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Sally Frank Headshot

Sally Frank '80. Courtesy of Drake University


When Sally Frank ’80 filed a lawsuit in 1979 against Ivy Club, Tiger Inn, and Cottage Club because they did not accept women, her goal was clear: Get women past the threshold of men-only clubs. New Jersey ended up ruling in Frank’s favor, stating that the clubs must accept women because they are public facilities. Now, in 2018, nine of the 11 eating club presidents are female, which means Prospect Ave is a very different street than when Frank studied at the University.

“That’s certainly good,” Frank said, about female majority. “It shows at least some growing impact for women on campus. Females having leadership is very important for their future development as leaders.”

In an interview with The Daily Princetonian this month, Frank talked about how opportunities for women were very limited when she arrived on campus as a first-year student during the University’s seventh year of undergraduate co-education.

“We were fighting on almost everything,” Frank recalled.

The women’s studies department and the Women*s Center were in their burgeoning stages, according to Frank. She also specifically recalled the struggle pushing for locks on bathroom doors and basements of dorms.

“Before there were entryway locks, they weren’t locking bathroom doors in areas where no one would hear us scream,” Frank said.

As opposed to Frank’s day, the University has now removed codes on all bathroom doors. 

Although the University has made strides since when Frank was a student, especially with women spearheading the leadership of eating clubs, Frank urged the clubs to be more inviting and inclusive toward women.

Frank recalled how when she was a student here, Tiger Inn members allegedly played a game called “Trees and Trolls,” where male members over six-feet tall wrestled other male members under six-feet tall, while shirtless. Women were allegedly not allowed to play the game. Frank said that if traditions like these were still in place, eating clubs would attract fewer women.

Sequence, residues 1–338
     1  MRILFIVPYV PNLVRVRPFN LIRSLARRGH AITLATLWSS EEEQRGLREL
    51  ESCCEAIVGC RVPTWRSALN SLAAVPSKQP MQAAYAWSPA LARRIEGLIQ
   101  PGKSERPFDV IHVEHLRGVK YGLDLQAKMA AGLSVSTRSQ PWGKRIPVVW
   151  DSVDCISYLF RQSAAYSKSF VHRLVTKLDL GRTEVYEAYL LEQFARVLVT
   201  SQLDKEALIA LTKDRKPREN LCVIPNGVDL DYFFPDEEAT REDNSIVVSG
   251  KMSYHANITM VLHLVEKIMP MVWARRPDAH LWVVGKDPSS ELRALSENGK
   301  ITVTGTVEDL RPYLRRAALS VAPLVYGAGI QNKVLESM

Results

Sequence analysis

Frank also referenced an incident that occurred at TI in October 2014. According to The Daily Princetonian, a University female student was photographed performing a sex act on another student on the Tiger Inn dance floor.

Frank explained that the incident was allegedly one of the reasons why Grace Larsen ’16 was elected as the first woman president of TI the following year. Tiger Inn elected its second female president, Maggie McCallister ’19, this year. What’s more, there is presently a noticeably strong female presence in Tiger Inn, with the club admitting 41 female and 38 male bickerees in the spring of 2018.

“What I want is for women to feel as welcome at eating clubs as men are,” said Frank. “I don’t know if I want to encourage men or women to join eating clubs, but I want people — regardless of gender, class, or race — to feel welcome at eating clubs and then decide if that’s what they want or not.”

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